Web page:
A spiritual experience can be valuable, if it awakens the seeker to a possibility or a direction he should take. It may also be useful if it brings forth a particular force that is needed for the transformation of the nature. The issue comes down to what the seeker does with this experience and how he works to integrate the beneficial aspects into his life. There is in that case a dual process of ascent, where the being rises to a new level with a new experience, and integration or consolidation, where the experience is brought to bear on the ordinary nature of the individual and work is done to effectuate true change in the nature.

Sri Aurobindo declares in his epic poem Savitri: A Legend and a Symbol, “A moment sees, the ages toil to express.” It is like that. The experience, the vision, the spiritual force comes and presents itself before the seeker. This momentary experience must then be converted and implemented to change the mind, the life-energy and even the physical body. The implementation process is not generally fast or easy, requiring considerable effort over time, bolstered by patience, and perseverance, and grounded in peace and certitude of the eventual success. This certitude is inherent in the soul, the psychic being, and informs its aspiration.

Sri Aurobindo writes: “Merely to have experiences of the higher consciousness will not change the nature. Either the higher consciousness has to make a dynamic descent into the whole being and change it; or it must establish itself in the inner being down to the inner physical so that the latter feels itself separate from the outer and is able to act freely upon it; or the psychic must come forward and change the nature; or the inner will must awake and force the nature to change. These are the four ways in which change can be brought about.”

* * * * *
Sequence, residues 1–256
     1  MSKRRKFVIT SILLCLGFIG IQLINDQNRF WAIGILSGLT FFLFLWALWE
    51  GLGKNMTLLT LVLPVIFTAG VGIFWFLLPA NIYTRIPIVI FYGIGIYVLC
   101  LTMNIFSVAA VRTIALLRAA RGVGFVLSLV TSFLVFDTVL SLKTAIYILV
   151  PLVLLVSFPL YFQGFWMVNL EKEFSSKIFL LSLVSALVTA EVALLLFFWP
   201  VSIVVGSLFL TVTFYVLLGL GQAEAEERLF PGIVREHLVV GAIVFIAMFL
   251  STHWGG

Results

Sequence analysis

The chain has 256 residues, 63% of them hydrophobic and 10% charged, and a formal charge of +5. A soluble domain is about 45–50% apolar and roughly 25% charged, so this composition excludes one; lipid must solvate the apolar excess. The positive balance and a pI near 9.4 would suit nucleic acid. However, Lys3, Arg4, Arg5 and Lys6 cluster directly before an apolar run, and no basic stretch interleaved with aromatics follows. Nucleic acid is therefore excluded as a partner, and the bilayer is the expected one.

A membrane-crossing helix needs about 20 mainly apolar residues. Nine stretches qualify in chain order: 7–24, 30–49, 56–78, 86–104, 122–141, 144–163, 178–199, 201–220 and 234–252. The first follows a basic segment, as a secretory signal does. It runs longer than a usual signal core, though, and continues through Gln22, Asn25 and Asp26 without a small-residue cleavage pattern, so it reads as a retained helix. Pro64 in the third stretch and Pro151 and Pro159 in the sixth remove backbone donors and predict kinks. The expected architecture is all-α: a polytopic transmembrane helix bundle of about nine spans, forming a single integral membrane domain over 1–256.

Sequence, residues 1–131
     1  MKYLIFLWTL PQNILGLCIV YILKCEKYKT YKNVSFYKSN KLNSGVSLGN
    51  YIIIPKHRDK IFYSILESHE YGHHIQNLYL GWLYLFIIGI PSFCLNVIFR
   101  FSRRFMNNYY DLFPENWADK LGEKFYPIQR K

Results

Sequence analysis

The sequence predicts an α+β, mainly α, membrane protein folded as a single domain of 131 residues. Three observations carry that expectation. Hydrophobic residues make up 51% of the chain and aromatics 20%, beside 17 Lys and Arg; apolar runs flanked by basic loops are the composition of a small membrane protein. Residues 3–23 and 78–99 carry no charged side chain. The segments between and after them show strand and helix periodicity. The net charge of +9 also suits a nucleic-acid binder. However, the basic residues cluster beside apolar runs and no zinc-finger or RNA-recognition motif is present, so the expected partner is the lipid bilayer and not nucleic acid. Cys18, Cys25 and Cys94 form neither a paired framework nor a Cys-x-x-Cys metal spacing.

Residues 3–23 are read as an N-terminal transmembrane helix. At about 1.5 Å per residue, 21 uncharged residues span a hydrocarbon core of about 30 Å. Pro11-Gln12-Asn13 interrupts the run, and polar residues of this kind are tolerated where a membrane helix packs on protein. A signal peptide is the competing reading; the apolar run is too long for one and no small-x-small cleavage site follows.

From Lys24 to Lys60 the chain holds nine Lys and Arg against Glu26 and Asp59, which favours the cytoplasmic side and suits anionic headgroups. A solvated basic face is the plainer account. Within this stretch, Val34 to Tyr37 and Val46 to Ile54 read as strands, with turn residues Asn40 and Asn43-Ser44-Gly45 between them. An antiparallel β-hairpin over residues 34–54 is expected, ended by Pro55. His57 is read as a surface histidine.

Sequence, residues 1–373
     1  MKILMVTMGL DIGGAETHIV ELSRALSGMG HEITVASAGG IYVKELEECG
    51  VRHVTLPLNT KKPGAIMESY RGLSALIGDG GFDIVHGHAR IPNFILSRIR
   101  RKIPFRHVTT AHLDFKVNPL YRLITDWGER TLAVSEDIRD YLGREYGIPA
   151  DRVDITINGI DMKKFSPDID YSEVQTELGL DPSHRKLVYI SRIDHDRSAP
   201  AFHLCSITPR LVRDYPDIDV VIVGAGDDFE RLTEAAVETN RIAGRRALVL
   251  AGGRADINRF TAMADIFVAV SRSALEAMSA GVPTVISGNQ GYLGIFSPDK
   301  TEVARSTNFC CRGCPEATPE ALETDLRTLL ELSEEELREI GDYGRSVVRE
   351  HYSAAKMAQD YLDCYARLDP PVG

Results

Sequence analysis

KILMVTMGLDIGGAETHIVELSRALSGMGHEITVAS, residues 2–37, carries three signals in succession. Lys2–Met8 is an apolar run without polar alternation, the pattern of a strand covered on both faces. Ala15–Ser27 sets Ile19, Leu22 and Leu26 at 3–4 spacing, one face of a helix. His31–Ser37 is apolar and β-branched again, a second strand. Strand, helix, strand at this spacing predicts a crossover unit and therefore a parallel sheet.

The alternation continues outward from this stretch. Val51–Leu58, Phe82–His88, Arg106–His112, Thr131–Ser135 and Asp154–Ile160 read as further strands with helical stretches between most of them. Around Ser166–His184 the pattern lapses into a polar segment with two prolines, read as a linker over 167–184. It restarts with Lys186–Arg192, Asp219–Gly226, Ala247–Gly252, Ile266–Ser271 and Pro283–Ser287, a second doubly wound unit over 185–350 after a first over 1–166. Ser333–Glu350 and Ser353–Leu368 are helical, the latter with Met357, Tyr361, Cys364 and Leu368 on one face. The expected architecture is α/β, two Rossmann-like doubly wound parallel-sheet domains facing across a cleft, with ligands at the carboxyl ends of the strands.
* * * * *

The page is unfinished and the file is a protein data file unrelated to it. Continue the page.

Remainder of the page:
Sri Aurobindo and the Mother, Growing Within: The Psychology of Inner Development, Chapter VII Growth of Consciousness, Inner Experiences, pp. 137-138

Intensity of an Experience Does Not Guarantee Its Veracity

There are occasions when an individual experiences something that is so powerful, so intense, that it causes him to trust the experience. Spiritual experiences in particular can have a force that overwhelms the normal mental standpoint of the individual and impose themselves upon the seeker in a way that goes far beyond the normal action-reaction processes of the mind-life-body complex. It is easy in such an instance to believe that such a powerful experience represents a truth that cannot be denied.

There is however a caveat to be appreciated. When the barrier between the external mind-life-body complex and the inner realms is breached, it can bring all manner of new experiences, many of them quite intense. This implies that some experiences may represent spiritual forces, while others arise from mental, vital or subtle physical realms. Another issue is the interpretation and filtering done as the outer being receives and transcribes the experience. In this case, any impurity, weakness or simply lack of complete background and understanding can cause the external being to apply its own interpretation that can clearly misconstrue what is actually occurring.

Sri Aurobindo notes: “I do not question at all the personal intensity or concreteness of your internal experiences, but experiences can be intense and yet be very mixed in their truth and their character. In your experience your own subjectivity, sometimes your ego-pushes interfere very much and give them their form and the impression they create on you. It is only if there is a pure psychic response that the form given to the experience is likely to be the right one and the mental and vital movements will then present themselves in their true nature. Otherwise the mind, the vital, the ego give their own colour to what happens, their own turn, very usually their own deformation. Intensity is not a guarantee of entire truth and correctness in an experience; it is only purity of the consciousness that can give an entire truth and correctness.”

Sri Aurobindo and the Mother, Growing Within: The Psychology of Inner Development, Chapter VII Growth of Consciousness, Inner Experiences, pp. 137-138